What good is health insurance when a person can’t afford the medication they need because of an expensive co-pay? When out-of-pocket costs for prescription drugs reach thousands of dollars, a trip to the pharmacy might mean rent can’t be made that month. That’s why in 2009, former pharmacists Jeff Spafford and Edward Hensley set up The Assistance Fund, a charity that covers prescription costs for insured Americans who can’t afford their co-pay.
Spafford, who used to run a pharmacy in Orlando, Fla., recently spoke with My News 13 about how a medication can be a luxury. “Taking care of these patients, I saw more and more of them coming to me, patients who had insurance but could not afford their co-pay or their financial responsibility and as such were having to make pretty hard choices about whether or not they paid their rent, or really got access to their specialty medication,” he said.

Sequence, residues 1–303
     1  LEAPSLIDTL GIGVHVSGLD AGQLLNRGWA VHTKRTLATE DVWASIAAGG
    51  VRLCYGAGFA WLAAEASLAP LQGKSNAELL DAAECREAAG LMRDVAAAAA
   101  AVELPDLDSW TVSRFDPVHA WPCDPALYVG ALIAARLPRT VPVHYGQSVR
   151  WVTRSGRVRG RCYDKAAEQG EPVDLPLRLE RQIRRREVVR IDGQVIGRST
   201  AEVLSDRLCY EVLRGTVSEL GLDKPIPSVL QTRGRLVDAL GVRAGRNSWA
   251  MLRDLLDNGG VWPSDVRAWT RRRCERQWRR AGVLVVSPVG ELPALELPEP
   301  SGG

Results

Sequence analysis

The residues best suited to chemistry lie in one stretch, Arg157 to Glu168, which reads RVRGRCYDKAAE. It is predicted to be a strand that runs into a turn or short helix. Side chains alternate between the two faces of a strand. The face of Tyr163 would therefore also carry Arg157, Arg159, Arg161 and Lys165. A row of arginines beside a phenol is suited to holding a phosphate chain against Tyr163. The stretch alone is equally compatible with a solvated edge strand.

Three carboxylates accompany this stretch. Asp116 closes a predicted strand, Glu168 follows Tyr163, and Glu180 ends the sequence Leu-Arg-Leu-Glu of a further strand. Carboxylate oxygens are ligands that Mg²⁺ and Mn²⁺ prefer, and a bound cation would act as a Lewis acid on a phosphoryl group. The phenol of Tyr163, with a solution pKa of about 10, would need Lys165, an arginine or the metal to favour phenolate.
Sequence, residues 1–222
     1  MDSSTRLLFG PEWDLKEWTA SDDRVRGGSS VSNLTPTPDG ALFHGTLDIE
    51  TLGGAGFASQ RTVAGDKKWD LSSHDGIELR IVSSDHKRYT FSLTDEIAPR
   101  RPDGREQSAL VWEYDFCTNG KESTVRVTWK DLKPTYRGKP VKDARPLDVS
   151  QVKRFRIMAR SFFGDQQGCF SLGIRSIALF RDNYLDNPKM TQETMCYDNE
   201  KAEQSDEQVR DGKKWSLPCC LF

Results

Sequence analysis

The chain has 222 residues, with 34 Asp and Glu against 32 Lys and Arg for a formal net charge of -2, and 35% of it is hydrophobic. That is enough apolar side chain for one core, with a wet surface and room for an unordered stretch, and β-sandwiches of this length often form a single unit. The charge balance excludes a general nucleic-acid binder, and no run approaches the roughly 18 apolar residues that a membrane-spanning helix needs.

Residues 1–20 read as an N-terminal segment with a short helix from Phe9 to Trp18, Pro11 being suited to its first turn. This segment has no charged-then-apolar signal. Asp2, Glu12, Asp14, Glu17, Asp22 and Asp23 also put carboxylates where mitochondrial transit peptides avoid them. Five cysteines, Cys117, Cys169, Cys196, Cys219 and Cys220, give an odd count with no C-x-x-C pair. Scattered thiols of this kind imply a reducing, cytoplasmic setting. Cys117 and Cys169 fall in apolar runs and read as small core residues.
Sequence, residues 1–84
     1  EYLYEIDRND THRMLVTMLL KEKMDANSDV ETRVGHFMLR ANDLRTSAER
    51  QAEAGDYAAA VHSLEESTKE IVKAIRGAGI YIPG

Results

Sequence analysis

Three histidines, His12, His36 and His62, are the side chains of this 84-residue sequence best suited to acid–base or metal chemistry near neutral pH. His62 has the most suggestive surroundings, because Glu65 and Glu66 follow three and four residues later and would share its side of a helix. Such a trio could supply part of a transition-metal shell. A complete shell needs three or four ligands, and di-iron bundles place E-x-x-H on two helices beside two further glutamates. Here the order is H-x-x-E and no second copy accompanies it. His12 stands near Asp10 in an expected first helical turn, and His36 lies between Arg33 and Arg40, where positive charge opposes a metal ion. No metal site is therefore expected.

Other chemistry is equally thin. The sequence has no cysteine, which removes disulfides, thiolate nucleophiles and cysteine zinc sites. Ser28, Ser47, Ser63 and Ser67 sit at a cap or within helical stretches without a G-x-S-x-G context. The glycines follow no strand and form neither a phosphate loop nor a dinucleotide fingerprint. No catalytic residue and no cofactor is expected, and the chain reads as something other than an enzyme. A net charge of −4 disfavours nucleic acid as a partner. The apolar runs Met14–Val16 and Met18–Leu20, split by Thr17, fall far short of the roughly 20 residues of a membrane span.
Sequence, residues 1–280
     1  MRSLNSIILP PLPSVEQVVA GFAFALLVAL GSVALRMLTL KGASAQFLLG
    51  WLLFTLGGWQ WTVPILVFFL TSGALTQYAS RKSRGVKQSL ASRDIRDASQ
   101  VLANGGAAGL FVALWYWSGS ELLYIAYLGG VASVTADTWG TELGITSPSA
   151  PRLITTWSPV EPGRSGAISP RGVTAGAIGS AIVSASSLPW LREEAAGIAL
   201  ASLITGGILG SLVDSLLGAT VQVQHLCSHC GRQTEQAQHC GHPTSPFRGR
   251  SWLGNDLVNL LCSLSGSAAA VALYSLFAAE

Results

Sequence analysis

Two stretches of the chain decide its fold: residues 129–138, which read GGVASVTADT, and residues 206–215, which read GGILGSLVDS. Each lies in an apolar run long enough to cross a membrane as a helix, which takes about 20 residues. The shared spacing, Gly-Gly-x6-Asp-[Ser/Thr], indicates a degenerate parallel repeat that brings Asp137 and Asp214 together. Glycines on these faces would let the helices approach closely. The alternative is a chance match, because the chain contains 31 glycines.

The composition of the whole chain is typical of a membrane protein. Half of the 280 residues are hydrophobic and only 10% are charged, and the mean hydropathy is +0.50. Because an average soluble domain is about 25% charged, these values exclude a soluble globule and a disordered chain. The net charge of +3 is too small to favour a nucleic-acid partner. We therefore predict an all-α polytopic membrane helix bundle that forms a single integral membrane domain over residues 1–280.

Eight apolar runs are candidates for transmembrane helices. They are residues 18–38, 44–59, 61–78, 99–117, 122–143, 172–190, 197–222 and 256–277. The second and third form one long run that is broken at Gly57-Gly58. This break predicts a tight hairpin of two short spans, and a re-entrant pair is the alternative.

The charity is able to help people in need thanks to donations from corporations, grants and drug manufacturers, the station reports. The Assistance Fund has reportedly raised more than $100 million to help more than 19,000 people across the country, such as Deborah Leigh Howie, who has Multiple Sclerosis. “The Assistance Fund helps me get Copaxone with no co-payment each month,” Howie told Good News Network. “Otherwise, I would be without treatment for MS.”
Spafford told My News 13, “It’s stories that we get from patients every day and how we’ve been able to help them and how we’ve been able to make a difference in their lives that really helps, keeps us going.” To learn more about the charity and if you might qualify for assistance, check out the group’s website here.